Springer Online Journal Archives 1860-2000
Chemistry and Pharmacology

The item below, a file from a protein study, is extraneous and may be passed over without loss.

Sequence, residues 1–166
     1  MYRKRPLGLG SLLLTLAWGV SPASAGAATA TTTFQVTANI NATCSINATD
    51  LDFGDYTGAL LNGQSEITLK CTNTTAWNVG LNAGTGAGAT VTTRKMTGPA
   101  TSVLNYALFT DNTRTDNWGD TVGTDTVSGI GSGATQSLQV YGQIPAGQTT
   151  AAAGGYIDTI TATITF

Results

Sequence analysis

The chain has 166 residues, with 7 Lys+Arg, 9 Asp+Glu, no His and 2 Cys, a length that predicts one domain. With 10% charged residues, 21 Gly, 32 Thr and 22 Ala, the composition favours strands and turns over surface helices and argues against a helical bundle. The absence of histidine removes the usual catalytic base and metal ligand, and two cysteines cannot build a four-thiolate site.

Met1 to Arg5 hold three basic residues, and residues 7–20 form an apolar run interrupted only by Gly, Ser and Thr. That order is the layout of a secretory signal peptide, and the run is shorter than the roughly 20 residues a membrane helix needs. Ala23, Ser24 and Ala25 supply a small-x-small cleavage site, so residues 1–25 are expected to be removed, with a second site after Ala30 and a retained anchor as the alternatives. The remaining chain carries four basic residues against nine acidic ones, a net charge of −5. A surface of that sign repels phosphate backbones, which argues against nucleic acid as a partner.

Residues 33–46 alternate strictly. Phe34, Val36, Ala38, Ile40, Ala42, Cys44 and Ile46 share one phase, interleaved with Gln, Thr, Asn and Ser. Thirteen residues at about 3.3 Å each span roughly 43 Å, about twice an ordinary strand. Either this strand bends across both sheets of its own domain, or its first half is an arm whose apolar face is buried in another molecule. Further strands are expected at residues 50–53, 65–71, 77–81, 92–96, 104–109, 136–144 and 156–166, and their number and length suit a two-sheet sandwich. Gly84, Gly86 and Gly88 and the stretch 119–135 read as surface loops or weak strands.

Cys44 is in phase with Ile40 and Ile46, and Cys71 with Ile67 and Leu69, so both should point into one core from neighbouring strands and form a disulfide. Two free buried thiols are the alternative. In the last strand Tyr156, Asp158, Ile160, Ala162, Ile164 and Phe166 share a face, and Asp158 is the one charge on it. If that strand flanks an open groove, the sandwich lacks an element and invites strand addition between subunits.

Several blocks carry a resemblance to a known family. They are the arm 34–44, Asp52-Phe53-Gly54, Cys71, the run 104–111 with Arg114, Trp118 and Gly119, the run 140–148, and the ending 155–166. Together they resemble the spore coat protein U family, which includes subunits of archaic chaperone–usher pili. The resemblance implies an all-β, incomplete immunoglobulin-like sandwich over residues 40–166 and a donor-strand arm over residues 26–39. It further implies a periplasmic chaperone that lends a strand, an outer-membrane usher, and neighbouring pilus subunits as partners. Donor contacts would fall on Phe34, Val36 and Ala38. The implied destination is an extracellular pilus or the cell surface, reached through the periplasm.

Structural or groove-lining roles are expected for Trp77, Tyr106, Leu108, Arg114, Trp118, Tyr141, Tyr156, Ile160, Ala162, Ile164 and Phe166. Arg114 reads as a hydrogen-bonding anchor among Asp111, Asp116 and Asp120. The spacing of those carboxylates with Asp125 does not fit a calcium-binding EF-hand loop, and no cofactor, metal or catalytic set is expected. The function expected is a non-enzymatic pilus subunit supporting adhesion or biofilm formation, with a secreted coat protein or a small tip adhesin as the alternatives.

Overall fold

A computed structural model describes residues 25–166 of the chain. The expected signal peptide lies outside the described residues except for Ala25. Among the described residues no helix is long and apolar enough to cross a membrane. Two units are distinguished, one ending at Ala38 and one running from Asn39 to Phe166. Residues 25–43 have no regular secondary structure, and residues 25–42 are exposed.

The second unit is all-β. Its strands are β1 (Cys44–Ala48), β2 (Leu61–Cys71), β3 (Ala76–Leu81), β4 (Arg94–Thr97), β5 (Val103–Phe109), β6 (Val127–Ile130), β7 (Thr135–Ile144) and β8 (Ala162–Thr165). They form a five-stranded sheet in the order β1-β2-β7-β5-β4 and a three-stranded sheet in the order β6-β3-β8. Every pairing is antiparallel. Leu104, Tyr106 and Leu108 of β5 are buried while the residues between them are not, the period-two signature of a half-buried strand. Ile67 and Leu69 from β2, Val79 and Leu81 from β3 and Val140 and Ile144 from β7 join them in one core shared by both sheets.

Abstract Cloud droplet chemistry is modelled for the first 150 m of rise in a wintertime, mid-latitude, marine stratus cloud using observations made at and near the Cape Grim Baseline Station as a source of input parameters. The emphasis in this work was to study the variation in droplet chemistry as a function of both droplet size and nucleus composition, with a particular focus on the way in which oxidation of dissolved sulfur dioxide varied. At 150 m above the condensation level, solute concentration as a function of droplet size was found to increase by as much as 2 to 3 orders of magnitude for only a factor of 2 increase in droplet radius, primarily as a consequence of the 1/r dependence in the droplet growth equation. This type of size dependence exists at all levels in the model cloud, and has a significant influence on oxidation rate of sulfur dioxide in droplets growing on ‘sulfate’ nuclei, oxidation by ozone being favoured in the smallest droplets, but oxidation by hydrogen peroxide being favoured in the larger droplets. Oxidation by ozone is favoured at all sizes in droplets formed on sea-salt nuclei as a result of the initially high alkalinity of these droplets, and in the cloud overall is calculated to be the more important oxidation pathway. Although based on a simplified chemical scheme, these results suggest that both size-dependent and nucleus-dependent chemistry of cloud droplets may need to be considered explicitly in cloud modelling work. Volume-weighted mean pH values in the range 5 to 6 were predicted from sensitivity studies in which input variables were varied over reasonable ranges, in agreement with two sets of bulk cloud-water pH data obtained by aircraft near Cape Grim.
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